Review: The Good Scout 🌟🌟🌟🌟🌟

The Good Scout.Β 
theSpace@Surgeons’ Hall V53
August 2 to 24. (Not 13)Β  Β 20.20

🌟🌟🌟🌟🌟 (Five Stars)

The Good Scout illuminates a very largely forgotten corner of our national history, and reveals itself to be relevant in a number of ways. Lord Baden-Powell, the founder of the Scout movement, was very keen on Hitler in the 1930s. Exchange visits between the Hitler Youth and British Scouts took place in the late thirties.
This play, the latest in the Boys of the Empire series, written and directed by Glenn Chandler, tells the story of some scouts in a small English town who are very excited to be visited by some members of the Hitler Youth. They are greeted with warmth and friendship, but their behaviour and attitudes begin to cause concern. Are they as innocent and at ease as they appear? Could they be “spy cyclists”?
Will Parrish (Clement Charles – whom many will remember from the brilliant Kid’s Play last year) and Jacob Collier (Charlie Mackay) are nervous but keen to share times with the Germans.
Jacob develops an especial enthusiasm for Gerhard (Clemente Lohr), and the lad’s den proves freshly useful. Friedrich (Simon Stache) proves to be less than happy with the state of his nation. Gerhard, however, has a hold over him, one of rank, of secrets, and of sexuality.
There are factual historical interludes performed with a mixture of seriousness and light flair, making us aware of compromises made that may be all but forgotten. As Will says, come here and you learn some things. But you will also be richly entertained and drawn into the plot, as it becomes difficult to know who may be trusted out of the whole group, and just who is keen to spend time in the den? Warnings come from the outside, kin the form of John Dory (Lewis Allcock), who seems very reputable. But, like the others, is he all that he seems?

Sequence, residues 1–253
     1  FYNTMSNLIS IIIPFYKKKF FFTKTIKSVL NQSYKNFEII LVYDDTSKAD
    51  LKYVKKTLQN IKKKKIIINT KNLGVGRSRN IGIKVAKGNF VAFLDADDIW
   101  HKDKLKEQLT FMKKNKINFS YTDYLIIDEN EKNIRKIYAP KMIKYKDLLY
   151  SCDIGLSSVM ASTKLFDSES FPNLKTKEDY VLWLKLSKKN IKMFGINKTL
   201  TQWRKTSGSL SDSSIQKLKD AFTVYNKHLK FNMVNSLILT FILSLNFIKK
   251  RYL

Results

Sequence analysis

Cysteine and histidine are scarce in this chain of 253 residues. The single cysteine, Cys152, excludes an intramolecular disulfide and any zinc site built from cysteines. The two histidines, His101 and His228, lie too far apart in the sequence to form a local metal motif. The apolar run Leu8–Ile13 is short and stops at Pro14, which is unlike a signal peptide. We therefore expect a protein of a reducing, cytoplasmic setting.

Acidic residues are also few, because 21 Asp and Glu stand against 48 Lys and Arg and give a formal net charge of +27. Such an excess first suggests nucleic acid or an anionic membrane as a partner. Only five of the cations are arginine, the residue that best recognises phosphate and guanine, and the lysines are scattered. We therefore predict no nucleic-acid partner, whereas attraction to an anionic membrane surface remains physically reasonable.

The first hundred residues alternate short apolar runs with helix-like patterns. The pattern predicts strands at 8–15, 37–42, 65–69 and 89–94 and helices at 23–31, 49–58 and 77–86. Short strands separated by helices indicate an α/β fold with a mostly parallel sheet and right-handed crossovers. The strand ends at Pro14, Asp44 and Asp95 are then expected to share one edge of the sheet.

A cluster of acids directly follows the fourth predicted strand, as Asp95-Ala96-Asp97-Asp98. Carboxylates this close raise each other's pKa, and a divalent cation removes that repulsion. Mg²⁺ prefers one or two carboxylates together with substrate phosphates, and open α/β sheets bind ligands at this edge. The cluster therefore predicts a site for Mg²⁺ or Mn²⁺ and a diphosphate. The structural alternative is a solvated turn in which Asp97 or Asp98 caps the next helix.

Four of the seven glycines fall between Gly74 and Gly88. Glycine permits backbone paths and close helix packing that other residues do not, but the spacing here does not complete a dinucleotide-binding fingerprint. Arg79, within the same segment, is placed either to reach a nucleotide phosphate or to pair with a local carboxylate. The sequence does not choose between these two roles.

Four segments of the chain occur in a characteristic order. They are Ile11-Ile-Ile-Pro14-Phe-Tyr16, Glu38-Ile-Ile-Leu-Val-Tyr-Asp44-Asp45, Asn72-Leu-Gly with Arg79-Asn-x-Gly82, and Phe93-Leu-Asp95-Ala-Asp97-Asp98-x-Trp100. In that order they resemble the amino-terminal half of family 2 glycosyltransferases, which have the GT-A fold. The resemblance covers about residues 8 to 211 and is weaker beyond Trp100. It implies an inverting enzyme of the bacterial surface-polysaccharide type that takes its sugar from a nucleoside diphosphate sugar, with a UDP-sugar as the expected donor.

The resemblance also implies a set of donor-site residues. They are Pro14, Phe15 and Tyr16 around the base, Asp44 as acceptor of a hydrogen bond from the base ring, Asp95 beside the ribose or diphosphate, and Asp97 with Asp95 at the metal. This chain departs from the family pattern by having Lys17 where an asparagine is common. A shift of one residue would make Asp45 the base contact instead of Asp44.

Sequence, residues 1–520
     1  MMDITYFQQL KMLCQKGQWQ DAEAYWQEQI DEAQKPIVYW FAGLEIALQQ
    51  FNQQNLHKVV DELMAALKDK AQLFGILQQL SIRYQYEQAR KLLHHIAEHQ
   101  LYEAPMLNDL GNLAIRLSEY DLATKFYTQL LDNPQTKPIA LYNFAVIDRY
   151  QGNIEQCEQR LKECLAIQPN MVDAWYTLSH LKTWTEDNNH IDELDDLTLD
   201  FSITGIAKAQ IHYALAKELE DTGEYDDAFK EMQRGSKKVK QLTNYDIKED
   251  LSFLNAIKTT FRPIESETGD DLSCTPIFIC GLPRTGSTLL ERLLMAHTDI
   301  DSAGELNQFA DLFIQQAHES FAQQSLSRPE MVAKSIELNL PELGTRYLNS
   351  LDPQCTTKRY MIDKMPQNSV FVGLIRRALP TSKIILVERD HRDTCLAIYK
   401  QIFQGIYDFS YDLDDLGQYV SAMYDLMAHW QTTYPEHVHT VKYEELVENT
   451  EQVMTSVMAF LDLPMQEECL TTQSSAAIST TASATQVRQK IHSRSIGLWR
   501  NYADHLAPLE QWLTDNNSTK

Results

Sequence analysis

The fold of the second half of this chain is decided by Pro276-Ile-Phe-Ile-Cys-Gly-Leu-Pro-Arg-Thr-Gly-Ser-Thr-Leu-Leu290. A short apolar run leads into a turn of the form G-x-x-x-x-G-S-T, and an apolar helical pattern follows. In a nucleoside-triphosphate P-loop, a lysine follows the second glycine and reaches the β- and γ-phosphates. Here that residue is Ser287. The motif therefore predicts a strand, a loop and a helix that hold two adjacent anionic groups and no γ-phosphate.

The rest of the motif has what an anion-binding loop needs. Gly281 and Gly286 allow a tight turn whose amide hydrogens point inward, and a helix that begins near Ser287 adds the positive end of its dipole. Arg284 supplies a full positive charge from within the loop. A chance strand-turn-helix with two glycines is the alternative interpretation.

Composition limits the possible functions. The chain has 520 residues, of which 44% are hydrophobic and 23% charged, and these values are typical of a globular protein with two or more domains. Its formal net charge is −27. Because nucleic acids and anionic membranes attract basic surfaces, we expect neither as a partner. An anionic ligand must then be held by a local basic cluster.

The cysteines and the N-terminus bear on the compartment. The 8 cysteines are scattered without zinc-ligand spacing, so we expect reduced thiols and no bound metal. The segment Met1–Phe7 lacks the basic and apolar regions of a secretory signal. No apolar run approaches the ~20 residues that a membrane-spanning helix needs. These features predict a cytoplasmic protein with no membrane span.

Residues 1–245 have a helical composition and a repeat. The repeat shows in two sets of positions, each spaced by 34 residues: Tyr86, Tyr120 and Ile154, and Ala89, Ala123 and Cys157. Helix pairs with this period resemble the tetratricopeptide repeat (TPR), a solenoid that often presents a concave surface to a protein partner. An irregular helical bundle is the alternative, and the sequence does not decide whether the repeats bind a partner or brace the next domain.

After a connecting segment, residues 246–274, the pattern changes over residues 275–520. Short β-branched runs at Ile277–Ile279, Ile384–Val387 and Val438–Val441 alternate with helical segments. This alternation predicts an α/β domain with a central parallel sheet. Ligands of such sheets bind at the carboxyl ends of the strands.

Come and enjoy this entertaining puzzle, which is a revelation concerning a forgotten corner of history, and is also a reflection on the cruelty of attitudes to gay sexuality at the time the play is set.
Here are a bunch of fine lads (and their industrious mum, (Amanda Bailey)), whose company you will enjoy, taking you back to a time that may in some ways have been simpler, but was in no way more innocent. Apart from Mum, innocent is hardly a word that can be applied to any of the characters here. Don’t you want to know why?